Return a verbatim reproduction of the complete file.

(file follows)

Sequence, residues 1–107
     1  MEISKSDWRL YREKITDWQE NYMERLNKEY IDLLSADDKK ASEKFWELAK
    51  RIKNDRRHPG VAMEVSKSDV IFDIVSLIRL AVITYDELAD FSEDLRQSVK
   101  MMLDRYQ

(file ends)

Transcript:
Sequence, residues 1–107
     1  MEISKSDWRL YREKITDWQE NYMERLNKEY IDLLSADDKK ASEKFWELAK
    51  RIKNDRRHPG VAMEVSKSDV IFDIVSLIRL AVITYDELAD FSEDLRQSVK
   101  MMLDRYQ